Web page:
Still, the game runs swiftly enough with a friendly efficiency that, like its bottle of acid, dissolves obstacles to preserve your momentum. A maze, which can often prove a bit of obtuse tedium, is here rendered as an ASCII map that routes you right through it with jaunty tracery. A final puzzle, dodging the alchemist, is easier to overcome than it first appears to be, and is delivered with giggly aplomb: “Well, it could have been worse. He could have turned you into a toad. You try to explain your actions to the alchemist. “Ribbet.”” Every puzzle is pretty selfcontained, with just enough red herrings scattered throughout to prevent the A->B problem mapping from feeling too artificial.
Alchemist’s Gold, like Monday’s crossword, gets you back into the swing of things without breaking too much of a sweat. Still, veteran puzzlers will be tapping their fingers, waiting for Garry’s weekend mindwarper.
So fragile our lives we fear both sides of the phrase: lives, what makes them ours. Inexorably receding from this ineffable vibrancy contingency lilypadding these cascade whorls haunts us with all the beauties we will sink beneath the see, because not only will it all go on without us, but also, sometimes, so do we, must we inevitably, so composed are we of irreplaceable combinations shared mutually across memories, fracturing in silences we cannot resing. Thence the energy quivering the need to maintain our shared particulars, communicative particulates of the streaming coherence, without which echoes bleed to drones: “When did the loss begin? “Iridescent” was the first lost word, but it was so light, so transparent, that its loss went unnoticed. Then “eviscerate” was torn away from her mind, leaving a pinprick hole, yet it happened secretly, quietly. The vast store of words pushed at the ragged edges of the hole and widened it, and the trickle of lost words became a flow: serendipity, ephemeral, labyrinth, tranquility.” Placing your hand into the stream, trying to catch every concept, dam up and derive, hold the lifegiving babbling “always rushing from her eyes, through the woods, spilling into the creek, so much departure.” If you no longer recognize this place we shared, then how should I? Estranger in an estranged land, sifting through the senses for the assemblance.
The impetus to reclaim, reassert shape from the “shards and fragments” animates a prose which helixes concrete denotations into an emotively synesthetic paresthesia radiating occlusions: “Birds call. They flash bright against the naked branches: cardinal screams red; goldfinch blazes sun.” The lushness of the descriptions flicker with their spilling from delimits, a dizzying motion that slips through the lines you have palmed: “A spill of icemelt trickles over the ledge of rock into a small pool which flows into a stream that runs, runs, runs down and away from the gray rock, the velvet moss. This rock wall weeps water all year, a rivulet that never stops talking as it splashes over the moss, the rough stone, always leaving, seeking the creek below.” You cannot hold fast the flux, thence the bittersweet beauty of attachment: the dignity of failing for just long enough to fulfil a life, make it ours. Fear of the “tiered waterfall that sings in its own language” compels the pursuit of names, certainties by which we can construct the conversations that cohere whom we cherish.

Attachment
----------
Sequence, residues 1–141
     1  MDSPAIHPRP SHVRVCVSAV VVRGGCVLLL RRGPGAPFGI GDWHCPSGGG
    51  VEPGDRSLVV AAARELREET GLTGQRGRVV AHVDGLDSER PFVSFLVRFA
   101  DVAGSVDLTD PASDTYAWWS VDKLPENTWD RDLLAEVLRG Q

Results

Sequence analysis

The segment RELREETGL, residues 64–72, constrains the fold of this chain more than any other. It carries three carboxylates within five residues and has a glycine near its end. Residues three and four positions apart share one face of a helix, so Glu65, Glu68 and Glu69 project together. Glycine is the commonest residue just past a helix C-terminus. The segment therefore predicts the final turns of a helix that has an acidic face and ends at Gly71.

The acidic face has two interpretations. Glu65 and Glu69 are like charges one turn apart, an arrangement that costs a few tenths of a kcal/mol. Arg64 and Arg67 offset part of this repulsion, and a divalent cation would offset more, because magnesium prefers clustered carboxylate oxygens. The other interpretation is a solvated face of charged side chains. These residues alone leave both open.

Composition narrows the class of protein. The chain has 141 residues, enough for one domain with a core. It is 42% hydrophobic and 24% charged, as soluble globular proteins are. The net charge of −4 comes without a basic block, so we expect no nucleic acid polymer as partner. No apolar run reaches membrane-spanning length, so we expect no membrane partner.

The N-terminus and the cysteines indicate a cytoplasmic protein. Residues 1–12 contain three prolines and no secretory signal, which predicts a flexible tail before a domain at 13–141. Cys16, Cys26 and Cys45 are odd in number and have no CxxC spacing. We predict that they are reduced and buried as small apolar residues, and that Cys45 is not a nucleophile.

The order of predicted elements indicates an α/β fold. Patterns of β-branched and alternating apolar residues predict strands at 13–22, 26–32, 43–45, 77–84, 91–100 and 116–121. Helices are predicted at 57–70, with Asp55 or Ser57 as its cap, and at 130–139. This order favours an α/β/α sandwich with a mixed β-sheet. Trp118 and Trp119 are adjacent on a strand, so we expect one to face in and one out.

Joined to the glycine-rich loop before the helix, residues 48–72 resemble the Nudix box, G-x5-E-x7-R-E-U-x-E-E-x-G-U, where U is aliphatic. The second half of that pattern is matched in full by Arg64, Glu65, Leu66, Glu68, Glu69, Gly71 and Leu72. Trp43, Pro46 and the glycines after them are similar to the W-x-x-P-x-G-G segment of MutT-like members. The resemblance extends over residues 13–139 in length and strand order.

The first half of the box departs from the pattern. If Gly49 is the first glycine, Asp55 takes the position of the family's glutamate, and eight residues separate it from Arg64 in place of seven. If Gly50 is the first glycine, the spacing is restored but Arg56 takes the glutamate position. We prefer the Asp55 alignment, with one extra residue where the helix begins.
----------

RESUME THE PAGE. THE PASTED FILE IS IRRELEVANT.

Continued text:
So goes our protagonist wrestling with riddles to wreathe them with recognition. From each spilling sense, you can wrest back concrete poetry, the shapes the words signify. Dozens of scraps of paper whose resemblances can reassemble the meaning: “The piece of paper shimmers and swells, its words moving. They rearrange and leap from your hands in a swift, muscular movement, forming a cat. It sits with its back to you, tail flicking.” The world keeps weaving in and out, abstractions which have now the same strength as the tangible, an interplay that is inherently unstable: “You raise the axe, its sharp words gleaming, and smash it into the white door, splintering it. The pieces of the door disintegrate, the words that held it together fading, falling apart, disappearing.”
The desire to loop back together these disparate elements before their too lateness overtakes their valences leads us to collect all our little longings, isolated significations we must recombine to bring heart back to where the home is. By collecting these fragments to reconstruct the necklace which totems our bond, this final puzzle advances a magnitude, requiring us not solely to solve a riddle by shaping the words but also to assemble the words together, guess what now visibly possibility they imply, what connections we can thread through them, those whom we stored in this shape forever, or whatever forever must mean for us: “Your mother, old and gray and full of sleep and nodding by the fire, deep shadows in her eyes. She’s holding a book she can no longer read.” Maybe you can compile all the yesterdays into enough, but it always seems one day away. If we could only hold still the shapes long enough for recognition to spark the embers to warm one more night! “She sees the necklace you wear and her eyes light up, recognizing her lost words. She puts her hand over the heart on your chest and pushes, and you gasp as its edges cut into you, as the heart burns into you. The words are yours because she gave them to you, taught you to love them. You will always carry them in your hopeful, fragile heart; but they are lost to her forever. / You kneel in front of her and put your head in her lap as you used to when you were a child, when the loss was too big to comprehend. / She bends over and strokes your hair and you see a single word, the last of a once-great library, flickering behind her eyes. You hear it fluttering, frightened and alone in the empty rooms, avoiding the blaze consuming the bookshelves. And she lets it go, breathing it out softly against your face where it blows apart and lands like glitter, like snow, like tears against your cheeks: / love.” A word which endures in all of us that you have helped to build.